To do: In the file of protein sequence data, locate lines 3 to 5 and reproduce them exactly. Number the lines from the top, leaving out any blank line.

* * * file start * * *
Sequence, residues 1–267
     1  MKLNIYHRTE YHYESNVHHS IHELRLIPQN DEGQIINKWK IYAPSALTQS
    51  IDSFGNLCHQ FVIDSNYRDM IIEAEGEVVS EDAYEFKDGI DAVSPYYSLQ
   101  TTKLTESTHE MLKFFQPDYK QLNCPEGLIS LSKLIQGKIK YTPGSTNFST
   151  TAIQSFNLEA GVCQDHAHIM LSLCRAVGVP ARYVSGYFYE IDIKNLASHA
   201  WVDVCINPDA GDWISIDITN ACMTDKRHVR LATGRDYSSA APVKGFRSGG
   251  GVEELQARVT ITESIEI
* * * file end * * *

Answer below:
    51  IDSFGNLCHQ FVIDSNYRDM IIEAEGEVVS EDAYEFKDGI DAVSPYYSLQ
   101  TTKLTESTHE MLKFFQPDYK QLNCPEGLIS LSKLIQGKIK YTPGSTNFST
   151  TAIQSFNLEA GVCQDHAHIM LSLCRAVGVP ARYVSGYFYE IDIKNLASHA